Forgive Me Father would have never been made were it not for the student housing and meal plan that came along with it.“I was the poster child of everything wrong with the VA,” Maj. Gloria Downey says of her return home after 6 months at the heart of the American war in Iraq.
Medical care was non-existent, income was elusive, and comfort meant sleeping on the couches of those few friends kind enough to open their doors to her.
Downey’s decision to go to film school, and ultimately make Forgive Me Father, meant gaining access to the basic necessities of life. But what began as a student project turned into the exposure therapy she needed to overcome harsh memories of American injustice in Iraq.
“The title says it all. I had to get this poison out of me. I have a moral human obligation to do something about what I experienced, and this is my movie.”
A poor kid on the streets of Miami, mid-1970s, surrounded by palm trees still riveting from the latest tremors in American society, Maj. Gloria Downey grew up experiencing injustice firsthand. But it was the very circumstances she was born into, she says, that defined her life’s purpose – to grow up and liberate the oppressed, first by becoming a public defender, later by joining the judicial wing of the United States military.Sporting a respected uniform and basking in a chance to finally see the world, Maj. Downey made rounds across Europe before landing the one assignment that would prove tougher physically, mentally, and legally, than anything she’d experienced growing up.
Red Zone, Baghdad, Iraq, 2007.
Downey was one of the few in her unit who disagreed with America’s war. Since her mandatory military years were expiring just as the war was reaching its peak, she was considering an honorable discharge when she came to a stark realization. This was part of her life’s calling. She had to go.
Maj. Downey had a responsibility to prosecute alleged terrorists, but she also had a responsibility to make sure it was done fairly.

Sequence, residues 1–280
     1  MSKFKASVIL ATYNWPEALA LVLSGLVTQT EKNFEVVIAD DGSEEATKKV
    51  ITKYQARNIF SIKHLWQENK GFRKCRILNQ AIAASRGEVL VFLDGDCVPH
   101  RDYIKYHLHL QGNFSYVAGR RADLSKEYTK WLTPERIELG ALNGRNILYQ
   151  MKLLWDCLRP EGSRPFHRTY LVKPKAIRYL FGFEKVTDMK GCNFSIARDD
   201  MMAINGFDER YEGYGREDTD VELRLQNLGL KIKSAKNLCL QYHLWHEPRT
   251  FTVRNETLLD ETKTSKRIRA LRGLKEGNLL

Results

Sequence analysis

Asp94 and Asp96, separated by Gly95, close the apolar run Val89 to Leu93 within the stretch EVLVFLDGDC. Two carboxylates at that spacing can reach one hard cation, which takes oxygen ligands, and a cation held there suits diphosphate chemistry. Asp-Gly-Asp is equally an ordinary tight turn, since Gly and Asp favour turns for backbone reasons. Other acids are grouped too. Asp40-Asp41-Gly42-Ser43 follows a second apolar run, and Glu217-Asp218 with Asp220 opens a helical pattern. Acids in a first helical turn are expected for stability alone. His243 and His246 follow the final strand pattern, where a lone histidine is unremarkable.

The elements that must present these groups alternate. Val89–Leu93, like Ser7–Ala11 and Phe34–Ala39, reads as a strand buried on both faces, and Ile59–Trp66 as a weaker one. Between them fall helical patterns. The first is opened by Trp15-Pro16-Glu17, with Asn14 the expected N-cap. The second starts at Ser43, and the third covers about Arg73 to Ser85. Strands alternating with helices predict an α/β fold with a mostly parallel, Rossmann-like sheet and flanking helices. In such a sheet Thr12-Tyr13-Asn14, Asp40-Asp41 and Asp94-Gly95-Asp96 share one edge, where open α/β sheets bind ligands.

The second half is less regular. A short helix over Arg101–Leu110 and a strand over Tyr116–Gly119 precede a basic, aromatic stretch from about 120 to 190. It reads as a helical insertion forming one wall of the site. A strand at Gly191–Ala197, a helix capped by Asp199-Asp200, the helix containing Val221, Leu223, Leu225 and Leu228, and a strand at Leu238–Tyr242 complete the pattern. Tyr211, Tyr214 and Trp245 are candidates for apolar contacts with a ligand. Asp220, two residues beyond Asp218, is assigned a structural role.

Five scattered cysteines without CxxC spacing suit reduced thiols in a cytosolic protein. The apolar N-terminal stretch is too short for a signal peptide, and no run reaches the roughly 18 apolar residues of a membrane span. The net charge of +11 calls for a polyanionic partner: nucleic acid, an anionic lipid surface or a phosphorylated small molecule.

“I realized it was the place to deliver the most justice. I trusted if [the military] were sending me to Iraq, it must be legit.”
Only once her boots hit the ground did she realize it was all a sham.
Downey quickly realized there was no functioning court within the American-influenced, Iraqi court system. Taking artillery was the norm in the Red Zone, and inside the courtroom convictions were based only on the testimony of the accused, most of whom received little to no counsel from female defense attorneys coerced into silence by societal norms.
“The court didn’t believe in physical evidence,” Downey says. “Admissible evidence could be ‘this was a man sitting near a pile of weapons, therefore he’s accused.’ The only time I was confident someone was guilty was when they would show their face in a video, taking pride in the crime.”
Of the 150 cases Downey prosecuted, 47 resulted in convictions, but only about 10 were based on video evidence.
Downey complained from day one about the structure of the courts, taking her fight all the way up the ladder to “the highest gunslingers” in the military. “This is just the way we do it here,” was their response, in the same breath telling her, “the rule of law, that’s what it’s all about.”The military had to maintain their heroic image, Downey says, by prosecuting everyone, and even letting certain people go if it helped deter bad publicity.
“I was told to drop one case,” she says, “about a 14-year-old girl who was caught preparing to assault American soldiers with an AK47.”
The idea of a young, innocent Iraqi girl turning against American soldiers, “was not something they wanted on the news.” So Maj. Downey let her go.
“She vanished. So later on in life when I met a man whose buddy had been blown up by a young girl, I wondered if that was the same girl I was forced to let go.”
Beyond the fact that verdicts were being made without evidence, Downey grasped something much deeper was going on between the American military and the people of Iraq.
“There was a large portion of Iraqis who felt the Americans were committing crimes against humanity,” Downey says. And after 6 months, the stories all began to sound the same.
“They violated my country.”
“I was herding my sheep and they put a hood on me.”
“They blew up my home, and my family.”
And Downey knew their stories to be true.
“We bombed the s*** out of them,” she says, recalling a vivid image of Saddam Hussein’s bunker palace blown to pieces.
“I became a lawyer to pursue justice, and my government sent me to a country, and we faked justice,” Downey says of her time in Iraq. And after witnessing 6 months of injustice, Downey’s return to the United States was not an easy one. Yet in the midst of the mental and physical anguish she faced, her life’s calling never wavered. Where she once sought justice in courtroom, she now seeks it through film.
Forgive Me Father is a riveting story that raises many of the complicated questions American soldiers and anti-American terrorists have yet to answer. What compels combatants, once innocent civilians, to develop such deep hatred toward one another, and is there an end in sight?
Downey has several other films in the pipeline, and every single one of them will take on injustice.
“At the root of all evil is injustice, period.”